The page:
- Resources – Useful advice, links to useful authority sites/videos, book recommendations
These are the basics for any real website, but not used on PBN’s.
Do not use the exact same page name on every website either. There are many ways of saying the exact same thing. Examples:
- About, About us, About this website, About [sitename], What is this, Who are we
- Contact, Contact us, Get in touch, Talk to us, Contact me
You can also create relevant pages to whatever the niche is, though I only do this if there is content for it found in the Way Back Machine, which we will cover later in this article.
These serve really well as padding out the navigation bar. There is nothing worse than a navigation bar with only 1 or 2 links. You can also add categories to pad this out.
I personally suggest adding 2-3 pages of content – on top of the posts.
I am going to be doing a separate article shortly on structure your PBN sites, which will go through this in more detail, but here are some ideas to make your sidebars look better:
- Introduce the author – a picture will make this look even better
- Introduce the website
- Create banner ads – a legit reason for creating a site
- Relevant YouTube video
A small intro of 80-120 words in the sidebar can make a huge difference as to how good your website looks. A lot of legit authority blogs have these.
Creating the Content
This is how I have most of my content created. I’m paying on average around $2.50 per 500 words, but I also have site creation and setup fully outsourced.
The reason I pay so little is because I use full time virtual assistants. You can easily hire them through onlinejobs.ph for $350-$400 per month.
Another option is iWriter. It seems to be highly rated by a number of SEO bloggers, but from what I have heard from close friends, it’s not a very good service. I cannot personally comment on this as I haven’t tried it.
If you don’t have enough work for a full time assistant, I recommend hiring a freelancer through sites like oDesk. You should be able to find someone at $5 per 500 words easy enough.
It will take a while to find a good freelancer, but once you have one, you can use them over and over again for your projects.
The Wayback Machine is a website/tool that saves regular copies of websites, allowing you to “jump back in time” to see what a website used to look like. It is a great way of finding additional content if you are keeping the same niche as the domain used to be in.
You can use this in collaboration with the outsourced content, for easy extra padding on your sites. Or you can use it exclusively, though not all content will be ideal for your blog.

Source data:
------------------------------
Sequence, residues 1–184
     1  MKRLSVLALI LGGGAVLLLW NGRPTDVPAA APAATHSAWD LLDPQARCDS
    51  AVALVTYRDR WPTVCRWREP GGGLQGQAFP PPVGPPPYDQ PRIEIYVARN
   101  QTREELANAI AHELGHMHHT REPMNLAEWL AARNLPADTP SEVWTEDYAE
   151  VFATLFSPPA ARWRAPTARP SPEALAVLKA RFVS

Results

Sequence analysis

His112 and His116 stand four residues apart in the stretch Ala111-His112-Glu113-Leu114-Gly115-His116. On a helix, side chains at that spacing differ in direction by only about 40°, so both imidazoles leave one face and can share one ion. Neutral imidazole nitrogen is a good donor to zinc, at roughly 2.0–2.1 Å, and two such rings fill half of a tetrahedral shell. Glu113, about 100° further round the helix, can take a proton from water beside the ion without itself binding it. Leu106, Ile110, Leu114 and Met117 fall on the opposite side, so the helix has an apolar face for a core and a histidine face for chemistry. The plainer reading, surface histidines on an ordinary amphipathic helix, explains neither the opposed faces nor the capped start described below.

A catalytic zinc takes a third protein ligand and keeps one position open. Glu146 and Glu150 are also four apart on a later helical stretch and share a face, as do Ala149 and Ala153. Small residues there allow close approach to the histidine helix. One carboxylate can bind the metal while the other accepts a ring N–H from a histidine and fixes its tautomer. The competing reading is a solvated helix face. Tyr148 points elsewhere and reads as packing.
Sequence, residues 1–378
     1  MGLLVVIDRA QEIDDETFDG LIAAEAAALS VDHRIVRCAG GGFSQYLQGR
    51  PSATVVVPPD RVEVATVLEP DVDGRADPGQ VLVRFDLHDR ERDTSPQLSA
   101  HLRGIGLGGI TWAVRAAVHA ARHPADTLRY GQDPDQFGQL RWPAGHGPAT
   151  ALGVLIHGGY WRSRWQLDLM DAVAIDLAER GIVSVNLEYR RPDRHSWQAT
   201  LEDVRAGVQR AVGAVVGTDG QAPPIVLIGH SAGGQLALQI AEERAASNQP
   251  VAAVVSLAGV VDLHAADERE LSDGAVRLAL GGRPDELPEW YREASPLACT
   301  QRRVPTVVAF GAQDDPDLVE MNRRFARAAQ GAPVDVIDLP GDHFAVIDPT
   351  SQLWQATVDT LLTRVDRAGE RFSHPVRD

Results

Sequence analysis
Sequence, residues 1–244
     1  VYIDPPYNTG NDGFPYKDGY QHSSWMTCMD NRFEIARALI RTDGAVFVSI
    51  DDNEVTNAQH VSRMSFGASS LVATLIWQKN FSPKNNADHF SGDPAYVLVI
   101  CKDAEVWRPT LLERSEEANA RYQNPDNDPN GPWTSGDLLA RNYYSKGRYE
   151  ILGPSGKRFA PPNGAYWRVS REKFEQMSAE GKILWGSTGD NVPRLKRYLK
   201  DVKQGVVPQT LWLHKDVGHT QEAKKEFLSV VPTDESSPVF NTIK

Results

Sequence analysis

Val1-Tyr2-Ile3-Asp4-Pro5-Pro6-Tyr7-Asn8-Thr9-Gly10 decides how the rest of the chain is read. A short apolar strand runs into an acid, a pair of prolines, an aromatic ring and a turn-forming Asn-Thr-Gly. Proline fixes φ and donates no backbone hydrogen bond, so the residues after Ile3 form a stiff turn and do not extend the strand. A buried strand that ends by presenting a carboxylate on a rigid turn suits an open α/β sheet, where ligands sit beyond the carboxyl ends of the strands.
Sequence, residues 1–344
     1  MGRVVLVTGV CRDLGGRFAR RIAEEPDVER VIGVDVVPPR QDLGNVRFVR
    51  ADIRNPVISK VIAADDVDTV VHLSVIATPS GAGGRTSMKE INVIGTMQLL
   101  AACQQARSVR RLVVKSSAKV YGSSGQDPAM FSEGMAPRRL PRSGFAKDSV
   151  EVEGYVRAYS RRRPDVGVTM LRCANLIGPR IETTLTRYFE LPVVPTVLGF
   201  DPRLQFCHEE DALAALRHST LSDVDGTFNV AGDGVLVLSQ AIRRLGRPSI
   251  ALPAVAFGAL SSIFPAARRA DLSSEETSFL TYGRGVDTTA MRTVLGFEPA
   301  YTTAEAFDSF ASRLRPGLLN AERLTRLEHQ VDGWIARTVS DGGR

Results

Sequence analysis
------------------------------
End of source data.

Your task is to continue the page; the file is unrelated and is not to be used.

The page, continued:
All you have to do for this method, is open the Wayback Machine and enter the domain you’re using for your PBN site:
Click the ‘Browse History’ button and you’ll be given a calendar showing different days they had a copy of this website.
Along the top is the history of the website. If you bought an expired domain, it won’t be that recent, if you bought an expiring domain, it could be.
This basically shows when the wayback machine were last able to index/download the site.
For this example, I’m going to just click January 1st 2014. This is a big website that is still around today, which is why you see so many blue circles:
Once you have clicked a date, you will be taken to a working snapshot of what the website looked like, at that date.
Presuming this is a PBN domain, not an actual website that is still around, all the content you find here will be unused by any website.
So if you were to use it on your website, it wouldn’t be duplicate. It’s also highly relevant to your site.
I don’t want to get into the legalities of this stuff. If you want to do it, it’s your choice, I’m just showing you how you could do it.
Often times you can get great content for additional pages using this tool. You can also get sidebar content / welcome messages, and if they have a blog, entire blog posts.
If you need infographics, just search ‘keyword infographics’ into Google. Not rocket science. Grab one and put it on your site. You don’t need to include any links, most people put their brand name/website address in the image anyway.
For videos, a search for the topic/keyword in YouTube will find several, then embed it in your content.
Staying on top of updates and changes as an SEO is what separates an expert with a beginner. If you predicted that penguin would target over optimised anchor texts, you could have avoided it completely, while everyone was getting hit for 10% plus exact anchors.
I personally see PBN padding as a future-proofing strategy. You do not need to do it to rank, but I predict it’ll become increasingly important over time, and I want my strategies to be ready for then.
Compared to some people that endorse spinning content across your PBN, or sourcing it from tools like ArticleBuilder, this may sound crazy. But part of the attraction to building a private blog network, is that it is safe and a long term strategy. I’m sure the white hats will be revolting at that statement, but it’s true.
If you spend big money building a network, then put it on crappy hosting, or use awful content, you are playing a short term game. If you’re launch jacking or ranking other short term sites, I recommend it, otherwise it makes absolutely no sense. You’ll save money in the short term, but have to replace domains repeatedly in the long term.
What do you guys think? Have you already started padding your PBN’s, or do you prefer faster, short term content strategies?